By Tom Collins
ROSLIN — Former Ontario Pork chair, innovator and hobby pilot, Doug Farrell, was never one to avoid hard work.
Back in the 1960s, Doug had the novel idea for slatted floors to allow pig manure to fall between the slats into a holding tank underneath. You couldn’t buy manufactured slatted floors, so Farrell built them himself.
The sixth-generation farmer would show his kids an old picture of a 350-foot long, four-foot deep ditch that he once dug by hand since he couldn’t afford to rent a backhoe.
“Hard work was nothing,” said his son Kevin. “You put your nose down and you made it happen.”
Doug Farrell died from pancreatic cancer on Feb. 1 at the age of 78.
After graduating from Kemptville College in the late 1950s, Farrell spent a year as a poultry inspector before moving back home to farm with his brother Don near Roslin, north of Belleville. Doug Farrell was a director with the Quinte Pork Producers for almost 60 years, director for Eastern Ontario on the Ontario Pork Producers Marketing Board from 1974 to 1990 (including chair from 1981-1984), a founding member of Canada Pork Inc. and served 10 years on the Canadian Pork Council. He was inducted into the Quinte Hall of Fame in 2006.
People frequently asked Doug when he planned to retire. “He just laughed,” said Kevin. “He said, ‘if I retired, I’d do what I’m doing.’ Farming was his passion. He lived and breathed it right up to the very end, always calling me out to the barn and reminding me about things. Even at 78, I couldn’t keep up with him.”
Farrell was also an avid flyer. He earned his pilot’s licence in the early 1960s and kept his plane on the farm. There was a grass strip for takeoffs and landings.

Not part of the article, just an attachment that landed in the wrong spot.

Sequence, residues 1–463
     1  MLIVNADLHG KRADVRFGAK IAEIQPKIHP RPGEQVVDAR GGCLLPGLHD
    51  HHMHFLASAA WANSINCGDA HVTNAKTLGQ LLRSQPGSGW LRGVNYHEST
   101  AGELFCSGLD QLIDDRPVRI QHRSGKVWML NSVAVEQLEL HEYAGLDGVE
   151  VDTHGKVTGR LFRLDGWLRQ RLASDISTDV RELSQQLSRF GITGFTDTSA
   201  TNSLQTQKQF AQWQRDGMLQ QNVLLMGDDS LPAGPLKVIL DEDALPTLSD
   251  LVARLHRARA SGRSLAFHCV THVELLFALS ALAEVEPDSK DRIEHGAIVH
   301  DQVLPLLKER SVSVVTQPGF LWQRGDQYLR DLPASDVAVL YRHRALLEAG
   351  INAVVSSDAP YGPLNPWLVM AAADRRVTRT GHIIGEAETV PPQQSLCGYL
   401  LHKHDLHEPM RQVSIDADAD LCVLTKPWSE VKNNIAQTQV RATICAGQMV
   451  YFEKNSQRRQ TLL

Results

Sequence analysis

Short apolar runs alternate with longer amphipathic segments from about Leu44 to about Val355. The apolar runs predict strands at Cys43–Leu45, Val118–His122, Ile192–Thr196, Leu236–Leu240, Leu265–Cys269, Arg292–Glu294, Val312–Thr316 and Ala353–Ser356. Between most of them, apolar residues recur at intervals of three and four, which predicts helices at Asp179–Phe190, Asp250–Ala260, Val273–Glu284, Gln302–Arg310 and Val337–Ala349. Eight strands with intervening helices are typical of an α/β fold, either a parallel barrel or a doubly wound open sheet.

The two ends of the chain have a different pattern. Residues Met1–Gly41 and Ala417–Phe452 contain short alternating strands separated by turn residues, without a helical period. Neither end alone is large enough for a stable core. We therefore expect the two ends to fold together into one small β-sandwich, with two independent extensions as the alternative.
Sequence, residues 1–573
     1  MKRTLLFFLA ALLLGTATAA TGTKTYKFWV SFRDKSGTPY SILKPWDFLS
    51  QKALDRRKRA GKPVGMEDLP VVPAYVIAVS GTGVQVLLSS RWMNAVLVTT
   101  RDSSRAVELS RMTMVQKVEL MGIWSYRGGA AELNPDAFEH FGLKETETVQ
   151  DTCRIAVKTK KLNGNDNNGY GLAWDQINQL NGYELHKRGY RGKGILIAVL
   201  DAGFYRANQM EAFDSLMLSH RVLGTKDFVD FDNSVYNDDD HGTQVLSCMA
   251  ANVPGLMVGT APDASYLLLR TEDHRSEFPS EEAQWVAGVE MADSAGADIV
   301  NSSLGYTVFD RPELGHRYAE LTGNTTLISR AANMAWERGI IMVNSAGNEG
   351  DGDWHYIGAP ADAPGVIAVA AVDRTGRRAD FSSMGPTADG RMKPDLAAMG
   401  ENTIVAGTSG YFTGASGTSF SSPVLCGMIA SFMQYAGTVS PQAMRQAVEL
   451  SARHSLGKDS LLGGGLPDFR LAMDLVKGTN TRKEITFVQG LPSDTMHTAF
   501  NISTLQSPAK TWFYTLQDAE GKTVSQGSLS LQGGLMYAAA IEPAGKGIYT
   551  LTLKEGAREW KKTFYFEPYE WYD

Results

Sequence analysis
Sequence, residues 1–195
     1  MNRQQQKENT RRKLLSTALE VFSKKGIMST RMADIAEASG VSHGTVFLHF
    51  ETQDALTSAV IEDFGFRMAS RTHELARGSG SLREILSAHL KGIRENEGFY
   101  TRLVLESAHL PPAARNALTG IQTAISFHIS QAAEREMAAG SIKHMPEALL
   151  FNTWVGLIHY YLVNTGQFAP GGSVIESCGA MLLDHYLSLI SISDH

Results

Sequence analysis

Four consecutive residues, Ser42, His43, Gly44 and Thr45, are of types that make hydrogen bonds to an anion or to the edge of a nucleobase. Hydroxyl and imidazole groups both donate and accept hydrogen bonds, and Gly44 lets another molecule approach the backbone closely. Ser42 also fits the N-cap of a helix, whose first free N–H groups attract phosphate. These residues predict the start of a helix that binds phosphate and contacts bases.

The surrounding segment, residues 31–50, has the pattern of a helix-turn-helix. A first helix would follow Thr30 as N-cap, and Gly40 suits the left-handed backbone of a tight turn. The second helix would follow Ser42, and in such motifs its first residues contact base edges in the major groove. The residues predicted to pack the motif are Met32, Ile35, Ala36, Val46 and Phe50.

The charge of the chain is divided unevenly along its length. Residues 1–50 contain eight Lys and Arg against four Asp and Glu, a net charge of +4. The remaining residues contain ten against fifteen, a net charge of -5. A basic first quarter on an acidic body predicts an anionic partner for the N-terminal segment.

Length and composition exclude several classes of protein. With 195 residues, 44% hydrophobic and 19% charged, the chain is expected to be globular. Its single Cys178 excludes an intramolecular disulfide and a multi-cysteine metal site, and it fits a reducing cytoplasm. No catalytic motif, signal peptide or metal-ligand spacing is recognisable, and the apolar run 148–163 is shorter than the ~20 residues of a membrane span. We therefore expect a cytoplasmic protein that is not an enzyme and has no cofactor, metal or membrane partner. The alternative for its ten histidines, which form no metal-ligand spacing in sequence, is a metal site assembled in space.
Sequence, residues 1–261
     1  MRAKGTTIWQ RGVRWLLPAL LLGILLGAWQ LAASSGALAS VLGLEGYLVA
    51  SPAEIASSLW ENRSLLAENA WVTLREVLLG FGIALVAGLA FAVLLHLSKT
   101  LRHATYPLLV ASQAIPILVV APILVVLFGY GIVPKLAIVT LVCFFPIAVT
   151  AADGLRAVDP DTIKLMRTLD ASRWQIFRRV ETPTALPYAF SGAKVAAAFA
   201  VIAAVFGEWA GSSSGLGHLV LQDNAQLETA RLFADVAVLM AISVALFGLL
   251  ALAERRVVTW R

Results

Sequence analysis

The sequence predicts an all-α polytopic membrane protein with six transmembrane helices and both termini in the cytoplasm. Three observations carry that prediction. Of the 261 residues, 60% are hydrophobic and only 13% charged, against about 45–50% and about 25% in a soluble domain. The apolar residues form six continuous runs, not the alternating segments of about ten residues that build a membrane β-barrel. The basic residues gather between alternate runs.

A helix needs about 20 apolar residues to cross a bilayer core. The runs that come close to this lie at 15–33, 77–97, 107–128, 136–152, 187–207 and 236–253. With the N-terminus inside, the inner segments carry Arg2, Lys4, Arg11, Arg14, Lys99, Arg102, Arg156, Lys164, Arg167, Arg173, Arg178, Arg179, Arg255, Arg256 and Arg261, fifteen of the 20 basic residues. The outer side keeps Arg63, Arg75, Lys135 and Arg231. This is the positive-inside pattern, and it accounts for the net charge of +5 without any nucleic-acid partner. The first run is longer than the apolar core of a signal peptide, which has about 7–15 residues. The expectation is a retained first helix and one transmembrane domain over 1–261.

He also enjoyed photography and he and son Kevin took aerial photos of the local plowing match.
“We had a bit of a competition of who could take the better photo,” said Kevin. “It was like ‘You take the stick.’ ‘No, you take the stick: I’m taking photos.”
Former Canadian Pork Council chair Tom Smith said Farrell, while chair of Ontario Pork for three years in the early 1980s, served Ontario producers with dedication and excellence, and was well respected for his straightforward manner.
“When discussions became difficult and consensus was strained, we would hear Doug say, ‘Shucks,’ and we would know that he was about to bring everyone back to reality,” said Smith. “Doug would look a person directly in the eye when speaking and expect you to do the same and answer in the same way the question was asked.”
Smith visited Farrell about a month before his death to laugh about the good times they had in the 40-plus years they had known each other. At that get-together, Farrell had told Smith that Farrell’s insurance company had caught on to his age and had cancelled his insurance for flying.
“Well Doug, you have your wings back,” Smith said during the eulogy. “Fly high, good man. Watch over and help keep your family safe. We can all reflect on a life well-lived, what you achieved and who you were.”